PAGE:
Monday, May 23, 2011

Fear and Loathing

Dramatic, I know. Over the top? Sure. Accurate? Not quite, but almost. Have you ever been the new kid? I have been the new kid plenty of times. Some of those times I had some advantage to take the sting of newness away. Some of the time I have felt I was at a disadvantage. I changed schools in 1st grade, in 2nd grade, 6th grade, 9th grade and 10th grade. Then again in college. College doesn't really count, though. Well, I was the new kid, but no one really knew it, because there are so many people in college. But I had a kid - and that was a bit of a disadvantage for me. Or an advantage. I couldn't tell you even one person's name from college. I went to class, went to work, went to other work, or went home to take care of Meg. And that was fine with me, mostly. I really wasn't into parties. I wasn't into making friends or hanging out - there was just too much to do. Plus, events of  my life had shattered shaken my previous self confidence. I never really got it all the way back. I wouldn't take chances on people not liking me, so I just ignored the fact that there were other people in my classes and said as little as possible to them for the 6.5 years I was there.

When I started a new school I usually had my little sister to worry about, to keep me from worrying about myself - and that helped. It was good to worry about her lunch, or pulling up her socks, or her making friends. But, when I started at a new school in 9th grade, she was at a different school. I was going to a high school that several middle schools dumped into, so I didn't seem "new" to anyone, and I sort of just slid right in with a group of pretty cool girls. I had a great time that year. I hadn't learned to be shy or self conscious. 

Back to being the new kid... you know that feeling you get right before the first day at school? That sort of nervous excitement, the level of which depends on what advantage or disadvantage you see for yourself in any given social or classroom situation. Sometimes, depending on the circumstances, I would be happy/excited, other times, just shear dread, like when we moved home from Arizona and I had to start high school as a sophomore in Arizona clothes - you know, clothes are everything in high school, and my clothes were Arizona clothes - Ohio was about 2 years behind Arizona, fashion wise. My clothes looked like I had just landed from Mars. I stuck out. I was odd. I had cropped, printed jeans, weird sandals and sloppy, loopy shirts that hung to one side. I was the weirdo. And everyone already had made their friends. Thankfully, my Boo and I had lunch together, and a big goofball in the form of a soon to be dear friend rode our bus.

Tomorrow I am starting work back in an office again for the first time in a long time ( I have worked from home almost entirely for years). I know some or many of the people there, including my familiar security blanket, my sister, Dana (she probably doesn't realize she served as a security blanket for all those first days of school). Even though this is a "family" business, that almost makes it harder. I have yet to put my finger on why, but I know it has to do with being the oldest, but not in charge. Weird and unnatural, if you ask me. I am used to being in charge and working for my little brother's company has always been off kilter in that respect. But it has offered the blessing of working from home - and what a blessing that has been.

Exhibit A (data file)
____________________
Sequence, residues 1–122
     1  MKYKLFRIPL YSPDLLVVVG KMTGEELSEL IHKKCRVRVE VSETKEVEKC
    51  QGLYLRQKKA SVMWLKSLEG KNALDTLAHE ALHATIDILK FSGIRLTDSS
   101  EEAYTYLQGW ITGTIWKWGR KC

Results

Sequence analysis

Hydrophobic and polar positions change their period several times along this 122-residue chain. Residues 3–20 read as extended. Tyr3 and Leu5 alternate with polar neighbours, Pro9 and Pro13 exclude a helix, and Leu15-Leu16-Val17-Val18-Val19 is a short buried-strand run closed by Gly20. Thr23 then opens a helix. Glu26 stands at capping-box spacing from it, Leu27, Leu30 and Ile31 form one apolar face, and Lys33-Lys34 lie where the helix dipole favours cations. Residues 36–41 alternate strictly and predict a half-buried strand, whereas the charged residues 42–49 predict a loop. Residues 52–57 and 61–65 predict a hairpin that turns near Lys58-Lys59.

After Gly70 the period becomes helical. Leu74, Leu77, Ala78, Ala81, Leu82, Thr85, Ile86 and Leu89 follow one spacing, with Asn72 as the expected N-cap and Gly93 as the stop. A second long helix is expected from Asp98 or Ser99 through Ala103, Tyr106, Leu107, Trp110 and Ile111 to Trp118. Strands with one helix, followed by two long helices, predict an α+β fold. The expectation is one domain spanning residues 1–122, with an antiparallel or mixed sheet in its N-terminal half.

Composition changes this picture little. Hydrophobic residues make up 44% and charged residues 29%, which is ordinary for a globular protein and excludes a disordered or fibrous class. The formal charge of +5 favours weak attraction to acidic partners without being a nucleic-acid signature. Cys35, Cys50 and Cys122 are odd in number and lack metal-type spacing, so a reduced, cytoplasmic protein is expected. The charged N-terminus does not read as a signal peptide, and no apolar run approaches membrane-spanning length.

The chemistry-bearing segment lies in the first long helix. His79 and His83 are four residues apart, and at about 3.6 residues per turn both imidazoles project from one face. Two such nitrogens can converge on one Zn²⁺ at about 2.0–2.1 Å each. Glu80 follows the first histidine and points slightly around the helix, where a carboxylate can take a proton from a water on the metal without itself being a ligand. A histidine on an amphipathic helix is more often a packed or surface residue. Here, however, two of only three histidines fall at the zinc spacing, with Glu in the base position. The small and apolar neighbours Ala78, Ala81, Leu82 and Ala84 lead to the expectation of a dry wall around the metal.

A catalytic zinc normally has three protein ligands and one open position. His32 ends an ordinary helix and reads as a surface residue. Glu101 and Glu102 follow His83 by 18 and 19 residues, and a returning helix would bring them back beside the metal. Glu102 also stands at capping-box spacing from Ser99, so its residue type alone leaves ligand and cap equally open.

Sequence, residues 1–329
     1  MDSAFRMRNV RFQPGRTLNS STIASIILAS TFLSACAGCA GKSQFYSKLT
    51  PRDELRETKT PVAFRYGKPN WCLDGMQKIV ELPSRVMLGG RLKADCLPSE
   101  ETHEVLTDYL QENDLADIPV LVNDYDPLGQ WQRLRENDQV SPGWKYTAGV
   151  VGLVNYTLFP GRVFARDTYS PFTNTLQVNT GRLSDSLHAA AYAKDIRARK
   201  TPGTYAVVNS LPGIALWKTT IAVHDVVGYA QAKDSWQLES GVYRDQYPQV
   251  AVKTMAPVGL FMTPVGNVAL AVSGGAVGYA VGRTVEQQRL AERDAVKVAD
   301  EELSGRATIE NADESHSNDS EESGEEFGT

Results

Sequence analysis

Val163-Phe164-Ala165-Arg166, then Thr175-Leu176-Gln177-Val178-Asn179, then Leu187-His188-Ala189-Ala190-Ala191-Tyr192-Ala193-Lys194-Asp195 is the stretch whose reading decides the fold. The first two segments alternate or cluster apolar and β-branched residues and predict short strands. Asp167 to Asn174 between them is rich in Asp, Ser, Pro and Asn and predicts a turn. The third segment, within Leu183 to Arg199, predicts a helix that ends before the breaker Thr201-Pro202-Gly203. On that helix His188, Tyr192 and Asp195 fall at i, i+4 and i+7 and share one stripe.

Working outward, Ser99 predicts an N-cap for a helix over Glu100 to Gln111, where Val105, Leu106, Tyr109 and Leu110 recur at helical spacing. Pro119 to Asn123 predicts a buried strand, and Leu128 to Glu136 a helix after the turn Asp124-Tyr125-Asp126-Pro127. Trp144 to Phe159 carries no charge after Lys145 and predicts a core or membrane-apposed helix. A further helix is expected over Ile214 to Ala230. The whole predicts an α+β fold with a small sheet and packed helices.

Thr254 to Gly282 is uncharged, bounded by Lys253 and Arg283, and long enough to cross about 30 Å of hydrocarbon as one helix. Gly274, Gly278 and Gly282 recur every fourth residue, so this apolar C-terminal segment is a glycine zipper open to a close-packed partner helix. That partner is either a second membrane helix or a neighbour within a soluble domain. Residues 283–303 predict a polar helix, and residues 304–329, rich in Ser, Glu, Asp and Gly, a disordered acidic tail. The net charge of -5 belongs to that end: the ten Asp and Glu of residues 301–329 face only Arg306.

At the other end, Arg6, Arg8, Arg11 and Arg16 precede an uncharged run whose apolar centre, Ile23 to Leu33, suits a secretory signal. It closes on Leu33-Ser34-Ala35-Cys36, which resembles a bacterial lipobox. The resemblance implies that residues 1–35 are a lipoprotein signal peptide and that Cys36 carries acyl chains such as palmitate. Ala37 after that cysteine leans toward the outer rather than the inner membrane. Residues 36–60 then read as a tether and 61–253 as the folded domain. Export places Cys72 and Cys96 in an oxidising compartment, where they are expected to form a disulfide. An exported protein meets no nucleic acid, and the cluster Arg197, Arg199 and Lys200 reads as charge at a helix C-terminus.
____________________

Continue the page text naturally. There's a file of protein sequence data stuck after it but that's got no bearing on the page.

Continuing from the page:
I don't know why this is filling me with so much anxiety, but it is. I have been two heart beats from a panic attack for days. I hate that. I feel like such a wuss. I used to be strong and confident. (I also used thin and pretty, I have a feeling those go hand in hand with confidence.) I now use my kids as a security blanket. I rarely go anywhere without at least a few of them. I don't know who to be without them, and I reeeeaallllly want to tuck the baby into my purse and just take him with me for the day. I don't know what to wear. My mom asked me what I was planning to wear the other day, and I just don't have those kinds of clothes. You know, the ones not stained by breastmilk and peanutbutter. The ones that don't have holes in the back pockets. And I am pretty sure I don't even own a non-nursing bra. Maybe one I bought for a wedding. I do have a couple of pairs of pants I bought a few months ago to wear to church, so I guess I will wear my church pants and my wedding bra, and attempt to find a shirt that covers...everything. Shoes? I have no idea. I have 1 pair of brown sandal deals that are about 10 years old that I consider my "good" shoes... meaning that they are not technically flip flops. I also own a couple questionable pairs of Berkinstock clogs that Doug calls my "pregnant" shoes. I think I'll wear the sandal deals - they are the least gross. I'll check out the other girls and see if I can get away with my favorite brown flip flops from Target.

Why are shoes so important, anyway? I have spent the last 14 years almost entirely at home, and almost entirely barefoot and pregnant. And I liked it. I feel totally out of my element. I am old - the people *mostly in the office are young! So young, some of them were born in the 80's! When I was in high school. I don't know how to be the older person. I don't know how to not be in charge. I don't know how to not be the mom, or the teacher. Or the wife. I don't even know exactly what I'll be doing - so what if I suck at it?

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